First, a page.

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Where the Buffalo (and Other Things) Roam

One of the highlights of our recent trip West was the plethora of wildlife we encountered along the way. Our experiences often reminded us of a song we kept humming or commenting on everywhere we went:



Oh, give me a home where the buffalo roam
Where the deer and the antelope play,
Where seldom is heard a discouraging word,
And the skies are not cloudy all day.

We saw an abundance of buffalo (technically, bison) from our first encounter with them in the Black Hills until our last encounter in Yellowstone. Especially in Yellowstone, where one sees not only the bison but also a backdrop of fumaroles and geysers.


We also witnessed the utter stupidity of youth demonstrated when a teenage girl ran to within mere feet of a bison to snap a selfie. This after repeated warnings about the potential dangers of being too near bison and in spite of numerous widely circulated news stories and YouTube videos of people being gored or sent airborne by a bison when people tried to take selfies.

Adult bison can weigh from 1,000 (cows) to 2,000 (bulls) pounds. Contrary to their normally slow, easy walk, they can run up to 35 miles per hour, jump six feet in the air, and overturn a car with a flick of their head. What they can do to a mere human is imaginable and is downright scary. They are definitely not to be taken for the slow, docile animals they might seem to be. Frequent signs reading "Don't pet the fluffy cows" are made only partly in jest. Bison can be dangerous creatures, especially if calves are in the vicinity. For me, a safe shot from the window as two bison passed within five feet of our car was plenty close enough for me!


Another interesting life form we encountered on the wide prairie was the prairie dog. (The dogs look to me more like oversized squirrels or miniature groundhogs than dogs.) They live in "towns," a bunch of burrows dug in close proximity to each other. The dogs dig down about a foot or so before turning their tunnels parallel to the surface, leaving little mounds of excavated dirt around the opening.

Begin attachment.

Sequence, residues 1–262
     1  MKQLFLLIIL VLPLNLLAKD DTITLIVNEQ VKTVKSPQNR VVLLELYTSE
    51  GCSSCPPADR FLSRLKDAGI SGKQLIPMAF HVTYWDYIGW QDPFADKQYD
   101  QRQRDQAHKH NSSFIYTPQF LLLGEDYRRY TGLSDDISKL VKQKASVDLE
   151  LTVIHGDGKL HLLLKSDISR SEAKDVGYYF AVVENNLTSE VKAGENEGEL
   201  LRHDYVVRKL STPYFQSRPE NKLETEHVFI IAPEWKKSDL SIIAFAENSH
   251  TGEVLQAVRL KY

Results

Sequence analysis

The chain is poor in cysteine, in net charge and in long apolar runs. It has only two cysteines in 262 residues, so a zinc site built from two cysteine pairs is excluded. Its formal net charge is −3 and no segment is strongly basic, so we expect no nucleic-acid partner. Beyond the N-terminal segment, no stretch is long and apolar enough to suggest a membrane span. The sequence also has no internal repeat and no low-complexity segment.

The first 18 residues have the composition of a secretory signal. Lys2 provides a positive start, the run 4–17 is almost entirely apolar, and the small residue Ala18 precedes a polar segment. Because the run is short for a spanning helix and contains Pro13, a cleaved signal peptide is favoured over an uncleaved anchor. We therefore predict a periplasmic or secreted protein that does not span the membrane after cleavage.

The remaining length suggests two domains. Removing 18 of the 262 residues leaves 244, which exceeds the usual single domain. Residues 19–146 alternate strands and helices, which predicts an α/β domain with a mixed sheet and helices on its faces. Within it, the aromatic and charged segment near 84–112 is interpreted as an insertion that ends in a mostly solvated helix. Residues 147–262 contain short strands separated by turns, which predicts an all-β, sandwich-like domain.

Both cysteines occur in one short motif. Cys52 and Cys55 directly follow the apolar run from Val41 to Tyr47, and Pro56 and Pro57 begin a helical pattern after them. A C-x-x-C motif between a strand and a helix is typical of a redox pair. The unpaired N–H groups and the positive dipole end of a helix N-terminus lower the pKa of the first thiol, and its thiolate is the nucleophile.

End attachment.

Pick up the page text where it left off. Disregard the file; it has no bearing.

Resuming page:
Although generally skittish around humans, scurrying into their burrows at the slightest hint of danger, one curious fellow approached us slowly but steadily until he stopped and sniffed my wife's shoe. Apparently liking what he smelled and thinking that it might make good eating, he decided to take a nibble of it. When my wife felt the pressure of his teeth on her toe, she thought that was close enough and flinched, whereupon the cute little thing scampered a safe distance away.


Often while on hikes in Glacier, we encountered fellow hikers who apparently had sighted mountain goats and longhorn sheep high on the sides of the rocky mountainsides. We seldom saw any of them, but, thanks to a good pair of binoculars I had taken along, we finally saw one. It was too far away to get a photo with my limited lens.


Several times along the way through the prairie, we sighted herds of antelope far in the distance. Seldom did we see them close enough for my camera lens to photograph them, but our daughter got several good shots with her telephoto lens.

In Yellowstone, we saw elk. The first time, they were across the river between some trees, but they were too far away to get a good shot of them. On our last day, however, several were making their way from the river and across the road. We were able to photograph them despite the fog along the river and the dim early-morning light.

The number of chipmunks we saw seemed to rival the number of bison. Those quick little critters reminded us of Chip and Dale, the mischievous cartoon characters that Walt Disney created in 1943 and that I grew up watching on TV in the Fifties.


In only one respect were we disappointed in our expectations of wildlife during the trip. Neither black nor grizzly bears made an appearance. Our daughter was the most disappointed while I, on the other hand, was content to do without them. We did, however, see several big bear tracks, and they were fresh. That was as close as I cared to get!

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